Saudi Arabia: Underwriting growth policies

The Kingdom’s insurance industry looks set to enjoy solid growth over the coming few years thanks to an increased flow of state investments and rising demand for health and property coverage. Greater awareness among Saudis of the benefits of both life and non-life insurance policies should also boost policy take-up.

It is estimated that the insurance sector’s overall contribution to GDP is currently around 1%, double the level recorded in 2006. The latest data from the Saudi Arabian Monetary Agency (SAMA), which regulates the industry, put the value of the premiums held by the insurance sector at more than $4.4bn in 2010, a 12.4% increase on the preceding year. The per-capita premium average is $160, one of the lowest in the region, though this does appear to be changing.

According to a report released in mid-March by financial analysis and ratings firm AM Best Company, there are a number of factors that have contributed to the recent growth, including an improved regulatory environment and the requirement that insurers had to be majority Saudi-owned and located onshore. While penetration rates have traditionally been low, this is changing rapidly, driven in part by increasing demand.

“The introduction of compulsory health schemes, which began with expatriates [in] 2006, has been a major driver of growth in recent years,” the report said.

This segment is likely to be given a further boost in the coming years as the government has launched an accelerated infrastructure development programme, with billions of dollars being injected into transport, energy and communications projects. Additionally, the massive public housing, industrial and education schemes that are also planned will require an increase in the number of foreign workers who will in turn require coverage.

It is not just the health segment of the industry that should feel the effects of increased state and private sector investments. The anticipated surge in construction will require contractors to insure machinery and worksites, while completed private developments, such as malls, office space and housing, will all need comprehensive coverage.

However, the report did warn that the sector also faced challenges, one of which was the crowded nature of the insurance marketplace. “Moreover, persistent low rates as a result of intense competition is likely to continue to create a difficult operating environment and pose a risk to shareholders’ equity,” the report said.

Despite the increasingly lucrative Saudi insurance sector becoming more competitive, shareholders do not appear worried. So far this year, the insurance sector has been one of the best performers on the Tadawul, the Saudi stock exchange, with shares in listed policy writers up by an average of almost 30%. There have been some suggestions that the sector is showing signs of overheating, however.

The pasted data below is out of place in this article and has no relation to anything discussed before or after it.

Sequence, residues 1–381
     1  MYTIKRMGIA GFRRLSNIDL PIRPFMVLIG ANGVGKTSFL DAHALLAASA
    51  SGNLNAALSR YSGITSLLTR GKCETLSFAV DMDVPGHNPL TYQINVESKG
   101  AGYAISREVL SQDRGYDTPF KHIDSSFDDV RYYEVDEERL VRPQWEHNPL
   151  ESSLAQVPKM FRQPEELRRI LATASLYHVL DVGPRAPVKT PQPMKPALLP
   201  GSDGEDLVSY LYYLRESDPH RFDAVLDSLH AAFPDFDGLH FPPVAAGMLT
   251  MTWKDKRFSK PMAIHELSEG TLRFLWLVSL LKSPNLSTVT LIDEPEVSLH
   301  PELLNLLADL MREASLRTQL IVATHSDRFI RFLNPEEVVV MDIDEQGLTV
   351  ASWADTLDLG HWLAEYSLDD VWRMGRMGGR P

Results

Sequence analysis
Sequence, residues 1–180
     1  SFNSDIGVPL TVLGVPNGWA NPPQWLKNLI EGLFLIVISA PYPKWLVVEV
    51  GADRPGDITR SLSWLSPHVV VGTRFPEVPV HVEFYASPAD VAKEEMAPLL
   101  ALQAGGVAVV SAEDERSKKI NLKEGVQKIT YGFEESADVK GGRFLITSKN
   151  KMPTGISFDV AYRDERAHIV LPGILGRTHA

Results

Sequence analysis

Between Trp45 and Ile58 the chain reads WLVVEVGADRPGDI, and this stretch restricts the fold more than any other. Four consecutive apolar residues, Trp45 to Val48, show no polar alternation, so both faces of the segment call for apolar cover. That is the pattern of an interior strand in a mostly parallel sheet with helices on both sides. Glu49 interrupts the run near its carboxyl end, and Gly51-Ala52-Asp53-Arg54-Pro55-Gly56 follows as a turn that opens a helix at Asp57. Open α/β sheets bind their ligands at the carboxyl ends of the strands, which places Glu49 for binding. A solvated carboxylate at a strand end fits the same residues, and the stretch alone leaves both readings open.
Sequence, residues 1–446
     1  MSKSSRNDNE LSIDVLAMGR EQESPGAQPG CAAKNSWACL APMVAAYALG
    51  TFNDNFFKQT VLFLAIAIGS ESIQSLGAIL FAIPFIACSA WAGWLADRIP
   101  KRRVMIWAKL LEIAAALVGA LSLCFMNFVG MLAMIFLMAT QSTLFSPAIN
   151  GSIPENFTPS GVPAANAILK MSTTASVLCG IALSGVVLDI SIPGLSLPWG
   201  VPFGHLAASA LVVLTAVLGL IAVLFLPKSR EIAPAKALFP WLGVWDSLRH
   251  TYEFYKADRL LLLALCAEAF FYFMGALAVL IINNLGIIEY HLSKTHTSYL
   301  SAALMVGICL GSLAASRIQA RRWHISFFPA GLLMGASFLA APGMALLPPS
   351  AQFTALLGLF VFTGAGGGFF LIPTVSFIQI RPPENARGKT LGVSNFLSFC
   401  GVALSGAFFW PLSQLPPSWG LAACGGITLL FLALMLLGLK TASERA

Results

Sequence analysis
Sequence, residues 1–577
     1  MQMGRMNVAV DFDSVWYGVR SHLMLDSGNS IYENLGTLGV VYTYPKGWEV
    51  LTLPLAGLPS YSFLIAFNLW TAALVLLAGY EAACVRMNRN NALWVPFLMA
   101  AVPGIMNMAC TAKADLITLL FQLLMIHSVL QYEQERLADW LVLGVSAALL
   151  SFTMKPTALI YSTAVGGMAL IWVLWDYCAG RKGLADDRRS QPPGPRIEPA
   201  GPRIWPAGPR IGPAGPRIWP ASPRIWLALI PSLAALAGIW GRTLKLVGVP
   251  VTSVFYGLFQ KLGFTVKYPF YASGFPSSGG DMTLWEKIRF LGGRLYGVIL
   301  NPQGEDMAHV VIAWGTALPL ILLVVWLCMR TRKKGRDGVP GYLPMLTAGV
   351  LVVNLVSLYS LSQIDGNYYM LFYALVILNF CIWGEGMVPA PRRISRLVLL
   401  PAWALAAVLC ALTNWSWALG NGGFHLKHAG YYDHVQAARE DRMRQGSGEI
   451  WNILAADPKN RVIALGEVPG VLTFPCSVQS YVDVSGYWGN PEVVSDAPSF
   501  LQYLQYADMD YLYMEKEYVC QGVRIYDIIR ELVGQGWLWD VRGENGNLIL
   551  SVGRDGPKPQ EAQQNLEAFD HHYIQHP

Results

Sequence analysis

According to a report by the Saudi Gazette in March 2012, the sector’s average price-earnings ratio is estimated to be around 20 times that of this year’s earnings – a ratio significantly higher than seen in other sectors – though this activity could also be an indication of the positive outlook projected by the industry.

Earlier this year, ratings agency Standard & Poor’s (S&P) was equally upbeat about the sector’s prospects, saying that local insurers should be able to maintain profitability going forward on the back of the Kingdom’s continued overall socio-economic development and the accompanying demand for more protection and savings solutions.

Like AM Best Company, S&P did note that the there was a high degree of competition in the sector, with more than 30 firms in the marketplace. As a result, margins for operators were currently tight, though the rivalry can bring with it a benefit for customers, as companies seek to attract business by keeping policy rates low.

According to S&P, the pressure caused by overcrowding in the market should be eased somewhat by the increased take-up of coverage as the economy grows, expanding in both size and sophistication.

“With more profitable business available, market participants will be able to expand organically without taking market share from their competitors,” S&P said in its survey. “While insurance penetration remains low as a percentage of GDP, it is growing fast and it is expected that as the economy grows, so will the insurance sector.”

While the relatively low rate of penetration does present something of a challenge for Saudi insurance firms, they are working to improve the profile of their products to increase policy sales in the domestic marketplace. With the stronger flow of development projects in the economy, and an improving awareness of insurance as an investment option, underwriters should be kept busy this year and beyond.

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